For most taxpayers, the idea of getting audited by the IRS is a troubling thought. While a tax audit is simply a review to ensure that individuals are reporting correctly and adhering to tax laws, it’s an ordeal most people wish to avoid.
The odds of the IRS selecting you for a review are relatively low. In 2018, the IRS only audited .59% of individual tax returns. Though the IRS chooses some audits randomly, most are due to errors or what appears to be suspicious activity.
There are a few common red flags that increase the risk of a second look at your taxes. Here are some of the biggest reasons the IRS may audit you come tax season.
1. Math Errors
Sometimes the biggest red flags to the IRS were simply math mistakes or an accidental typo on your tax forms. If you are preparing your own taxes, be sure to double-check your numbers to ensure everything is correct. Even unintentional mistakes can result in fines. If you’re not confident doing your taxes independently, working with a tax software or tax professional can help you avoid costly errors.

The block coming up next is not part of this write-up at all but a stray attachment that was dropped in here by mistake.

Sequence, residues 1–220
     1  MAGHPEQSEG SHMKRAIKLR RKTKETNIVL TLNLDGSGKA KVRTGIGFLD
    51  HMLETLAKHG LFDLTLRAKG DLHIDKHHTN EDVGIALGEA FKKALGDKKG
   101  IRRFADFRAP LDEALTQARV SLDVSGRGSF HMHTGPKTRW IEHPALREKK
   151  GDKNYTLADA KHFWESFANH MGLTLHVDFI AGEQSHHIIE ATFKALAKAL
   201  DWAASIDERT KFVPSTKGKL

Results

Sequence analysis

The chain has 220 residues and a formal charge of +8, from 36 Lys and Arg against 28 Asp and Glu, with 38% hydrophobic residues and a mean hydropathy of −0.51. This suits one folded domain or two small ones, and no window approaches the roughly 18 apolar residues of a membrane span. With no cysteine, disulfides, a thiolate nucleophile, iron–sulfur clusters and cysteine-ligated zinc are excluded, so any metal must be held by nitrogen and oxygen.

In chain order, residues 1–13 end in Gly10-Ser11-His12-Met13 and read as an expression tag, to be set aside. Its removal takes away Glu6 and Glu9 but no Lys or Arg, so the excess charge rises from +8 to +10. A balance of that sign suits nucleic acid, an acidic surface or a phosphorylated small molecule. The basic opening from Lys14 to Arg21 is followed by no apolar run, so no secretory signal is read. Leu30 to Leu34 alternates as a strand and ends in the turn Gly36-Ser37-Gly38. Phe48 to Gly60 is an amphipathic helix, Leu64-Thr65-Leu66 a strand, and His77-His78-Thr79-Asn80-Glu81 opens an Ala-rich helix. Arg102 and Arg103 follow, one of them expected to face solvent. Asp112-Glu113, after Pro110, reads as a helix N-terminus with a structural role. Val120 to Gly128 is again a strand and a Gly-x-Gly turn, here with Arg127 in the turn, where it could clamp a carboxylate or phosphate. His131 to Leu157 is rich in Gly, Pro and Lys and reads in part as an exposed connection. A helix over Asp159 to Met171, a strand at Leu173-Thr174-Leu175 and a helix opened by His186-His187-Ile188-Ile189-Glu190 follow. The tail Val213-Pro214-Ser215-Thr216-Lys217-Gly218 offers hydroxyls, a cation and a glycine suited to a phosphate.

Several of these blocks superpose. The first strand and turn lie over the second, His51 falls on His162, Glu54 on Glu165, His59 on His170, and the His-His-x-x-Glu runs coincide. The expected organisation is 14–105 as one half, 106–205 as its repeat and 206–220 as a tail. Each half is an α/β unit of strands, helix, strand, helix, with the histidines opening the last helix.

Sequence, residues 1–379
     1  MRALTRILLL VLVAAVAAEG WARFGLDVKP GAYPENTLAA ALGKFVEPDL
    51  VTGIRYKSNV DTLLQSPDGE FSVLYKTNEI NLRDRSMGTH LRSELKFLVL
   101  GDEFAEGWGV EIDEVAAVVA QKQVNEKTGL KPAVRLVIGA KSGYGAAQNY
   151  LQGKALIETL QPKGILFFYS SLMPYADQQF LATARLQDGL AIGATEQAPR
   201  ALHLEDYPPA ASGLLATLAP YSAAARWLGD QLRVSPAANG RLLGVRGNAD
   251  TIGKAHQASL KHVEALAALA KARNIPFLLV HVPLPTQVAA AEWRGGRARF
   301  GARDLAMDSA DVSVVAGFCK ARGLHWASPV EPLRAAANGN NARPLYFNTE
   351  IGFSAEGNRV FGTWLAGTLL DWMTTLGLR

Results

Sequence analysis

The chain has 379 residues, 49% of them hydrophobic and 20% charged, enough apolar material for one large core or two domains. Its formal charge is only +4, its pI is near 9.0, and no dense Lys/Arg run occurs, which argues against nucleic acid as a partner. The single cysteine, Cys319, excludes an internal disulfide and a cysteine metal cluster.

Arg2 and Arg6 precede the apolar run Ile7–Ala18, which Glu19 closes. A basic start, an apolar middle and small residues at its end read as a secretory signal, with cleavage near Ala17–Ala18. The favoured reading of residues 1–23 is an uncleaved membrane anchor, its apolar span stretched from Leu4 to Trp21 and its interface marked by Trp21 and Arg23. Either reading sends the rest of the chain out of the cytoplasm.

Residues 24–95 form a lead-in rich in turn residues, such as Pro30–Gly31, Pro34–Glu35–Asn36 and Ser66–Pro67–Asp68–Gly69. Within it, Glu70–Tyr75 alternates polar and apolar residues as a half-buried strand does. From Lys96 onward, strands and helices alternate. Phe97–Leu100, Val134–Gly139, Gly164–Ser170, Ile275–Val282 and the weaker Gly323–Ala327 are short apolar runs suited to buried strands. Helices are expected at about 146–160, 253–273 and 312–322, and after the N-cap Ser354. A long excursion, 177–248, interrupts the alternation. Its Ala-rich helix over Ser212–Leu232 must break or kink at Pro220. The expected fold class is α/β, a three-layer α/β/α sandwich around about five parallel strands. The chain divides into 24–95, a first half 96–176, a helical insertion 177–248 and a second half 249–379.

2. Failing to report income
Another big thing that can attract IRS attention is failing to document some of your income. For example, if you work full-time at a company but freelance on the side, it’s tempting not to report your freelance income. This isn’t advisable, as it will only be a matter of time before the IRS catches on.
3. The home office deduction
The IRS often looks at home office deductions very closely, as many people try to deduct expenses that don’t qualify. Claiming a home office deduction is usually only appropriate if you use a designated area of your home strictly for business purposes. If you don’t have a space for work and work only, you likely do not qualify for this deduction.
4. Using round numbers
In most cases, it’s incredibly rare to have clean, rounded numbers on your tax forms. Be sure to avoid making estimations when making your tax calculations. For example, if you are a freelancer who had a $395.25 business expense, it would be appropriate to round that to $395 – not $400. Rounding up too much can raise concerns to the IRS.